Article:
Degas' last creative period, covering the 1890s and continuing until about 1910, is considered by many scholars his most accomplished and successful. His constant experimentation and ongoing search for perfection found expression through his unsurpassed mastery of one medium above all others - pastel - and his depictions of bathers in this medium are outnumbered only by his dance subjects. By the mid-1880s, he had abandoned the aggressive and open carnality which had earlier proved so controversial with the public, and his nudes finally met with more favourable criticism.
Degas undertook the subject of bathers caught during their most intimate toilettes with a spontaneity and lack of pre-meditation that sets him aside from the more academic use of models by his contemporaries. Degas loathed graceful and studied poses, seeking instead a more naturally observed manner of depicting his models as they engaged in their private ablutions. Degas was fascinated by his models' movements, their rhythmic gestures and the unexpected sensuality of a shoulder or the movement of an arm. Degas would invite women into his atelier and get them to undertake their toilette, an invitation the models welcomed at a time when a bath was a rare luxury in many neighbourhoods of Paris. He would ask them to undress casually and leisurely, to bathe, to free and comb their hair, to dry themselves with towels and, in extremely sensual depictions, to put on their stockings and lingerie before finally dressing.
The present work, executed circa 1888-1892, depicts the model in a very private act of washing. With her left arm extended and supporting her as she leans over the basin, she presents an elegant pose, full of tension and balance, at once subtle and sensual, with a typical lack of idealisation. Degas' use of colour - applied sparingly but with outstanding delicacy - echoes the figure's poise and the balance of the composition. The stunning blues in the basin and its surrounds give depth to the composition and articulate the negative space that is created by the shape of the model's body and arm, while the subtle use of green, applied only to the right half of the background, highlight the delicate and varied nuances of colour in the woman's back and the precise, close strokes with which he traces her form.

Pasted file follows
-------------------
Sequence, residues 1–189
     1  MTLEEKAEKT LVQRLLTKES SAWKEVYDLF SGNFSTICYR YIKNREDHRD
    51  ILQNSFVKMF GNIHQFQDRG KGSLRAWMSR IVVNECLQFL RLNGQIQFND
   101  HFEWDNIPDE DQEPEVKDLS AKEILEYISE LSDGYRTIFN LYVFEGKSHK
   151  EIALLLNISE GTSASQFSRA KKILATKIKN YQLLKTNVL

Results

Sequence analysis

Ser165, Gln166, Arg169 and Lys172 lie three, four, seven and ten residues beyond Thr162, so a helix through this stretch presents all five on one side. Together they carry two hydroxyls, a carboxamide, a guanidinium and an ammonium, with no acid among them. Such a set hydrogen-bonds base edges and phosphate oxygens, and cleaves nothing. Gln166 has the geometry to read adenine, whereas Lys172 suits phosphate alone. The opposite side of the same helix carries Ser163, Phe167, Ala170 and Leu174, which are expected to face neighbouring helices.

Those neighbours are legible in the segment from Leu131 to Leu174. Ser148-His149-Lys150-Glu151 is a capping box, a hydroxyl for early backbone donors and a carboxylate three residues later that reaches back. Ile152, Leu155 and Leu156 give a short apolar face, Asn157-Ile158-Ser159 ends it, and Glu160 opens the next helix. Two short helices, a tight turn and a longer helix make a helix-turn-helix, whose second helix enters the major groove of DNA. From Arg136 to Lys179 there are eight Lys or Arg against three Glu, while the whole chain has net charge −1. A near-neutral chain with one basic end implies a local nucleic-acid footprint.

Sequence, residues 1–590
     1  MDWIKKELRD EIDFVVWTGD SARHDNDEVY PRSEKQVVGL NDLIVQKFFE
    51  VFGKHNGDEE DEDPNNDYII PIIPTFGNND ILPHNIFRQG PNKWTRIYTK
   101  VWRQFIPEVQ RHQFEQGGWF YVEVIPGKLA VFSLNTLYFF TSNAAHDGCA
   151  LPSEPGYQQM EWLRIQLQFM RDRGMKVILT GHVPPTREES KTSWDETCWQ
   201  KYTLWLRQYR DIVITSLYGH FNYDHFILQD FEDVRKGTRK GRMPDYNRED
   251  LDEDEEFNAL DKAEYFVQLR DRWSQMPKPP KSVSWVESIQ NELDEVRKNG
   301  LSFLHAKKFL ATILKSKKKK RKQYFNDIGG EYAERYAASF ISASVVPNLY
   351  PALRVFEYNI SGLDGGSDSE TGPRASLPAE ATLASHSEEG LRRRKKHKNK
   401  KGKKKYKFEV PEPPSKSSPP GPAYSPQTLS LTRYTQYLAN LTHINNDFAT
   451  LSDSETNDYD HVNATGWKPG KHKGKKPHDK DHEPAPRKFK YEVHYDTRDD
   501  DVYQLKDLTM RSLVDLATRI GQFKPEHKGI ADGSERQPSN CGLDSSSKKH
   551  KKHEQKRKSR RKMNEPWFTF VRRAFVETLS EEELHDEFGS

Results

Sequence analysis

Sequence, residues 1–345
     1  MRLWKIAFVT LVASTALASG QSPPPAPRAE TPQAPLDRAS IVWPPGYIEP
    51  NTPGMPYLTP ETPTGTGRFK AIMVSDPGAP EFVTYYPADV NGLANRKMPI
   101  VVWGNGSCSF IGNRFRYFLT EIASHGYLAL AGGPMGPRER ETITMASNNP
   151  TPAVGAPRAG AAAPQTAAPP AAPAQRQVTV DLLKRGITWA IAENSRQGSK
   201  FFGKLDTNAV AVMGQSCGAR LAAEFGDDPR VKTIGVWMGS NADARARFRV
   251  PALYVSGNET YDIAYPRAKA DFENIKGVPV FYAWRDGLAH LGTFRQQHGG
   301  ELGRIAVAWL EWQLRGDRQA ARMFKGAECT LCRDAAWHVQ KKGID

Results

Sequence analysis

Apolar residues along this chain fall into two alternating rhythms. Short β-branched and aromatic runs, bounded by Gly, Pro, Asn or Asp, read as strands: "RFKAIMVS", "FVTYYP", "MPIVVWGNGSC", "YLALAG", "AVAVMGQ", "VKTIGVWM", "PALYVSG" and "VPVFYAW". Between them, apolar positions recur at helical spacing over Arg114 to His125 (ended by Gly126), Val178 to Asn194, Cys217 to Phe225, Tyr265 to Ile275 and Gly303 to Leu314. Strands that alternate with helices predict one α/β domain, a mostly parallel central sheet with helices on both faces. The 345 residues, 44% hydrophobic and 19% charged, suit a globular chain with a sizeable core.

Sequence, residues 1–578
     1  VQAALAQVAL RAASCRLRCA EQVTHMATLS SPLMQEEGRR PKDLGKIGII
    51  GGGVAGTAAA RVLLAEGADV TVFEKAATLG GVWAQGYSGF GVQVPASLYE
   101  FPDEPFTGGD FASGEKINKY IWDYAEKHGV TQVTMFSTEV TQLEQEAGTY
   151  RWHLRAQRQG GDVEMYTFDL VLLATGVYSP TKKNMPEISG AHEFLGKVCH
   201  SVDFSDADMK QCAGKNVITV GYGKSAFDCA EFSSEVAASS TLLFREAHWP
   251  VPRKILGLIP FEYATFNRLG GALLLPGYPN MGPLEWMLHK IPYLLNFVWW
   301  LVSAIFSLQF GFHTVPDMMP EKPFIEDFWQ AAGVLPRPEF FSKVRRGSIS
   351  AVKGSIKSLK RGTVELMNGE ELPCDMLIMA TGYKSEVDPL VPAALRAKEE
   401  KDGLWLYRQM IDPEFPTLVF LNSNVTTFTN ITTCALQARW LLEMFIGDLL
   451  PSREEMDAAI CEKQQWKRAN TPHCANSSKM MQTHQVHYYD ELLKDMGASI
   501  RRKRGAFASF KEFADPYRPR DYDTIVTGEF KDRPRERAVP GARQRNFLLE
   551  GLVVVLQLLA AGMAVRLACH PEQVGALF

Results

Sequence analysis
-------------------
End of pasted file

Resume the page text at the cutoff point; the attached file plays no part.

Degas explored the motif of the bather leaning over the same blue basin in several other works from this period, including Femme à sa toilette, circa 1892 and it is in the subtle differences of their compositions and the endless variations of his models' poses that one can see Degas' ongoing experimentation with form. The same pose that Degas employed in the present work is explored in two further works executed at about the same time, both entitled Femme sépongeant le dos (L. 967 & 968), in which the model's extended left arm is counterpoised by her right arm as she twists round to wash her back.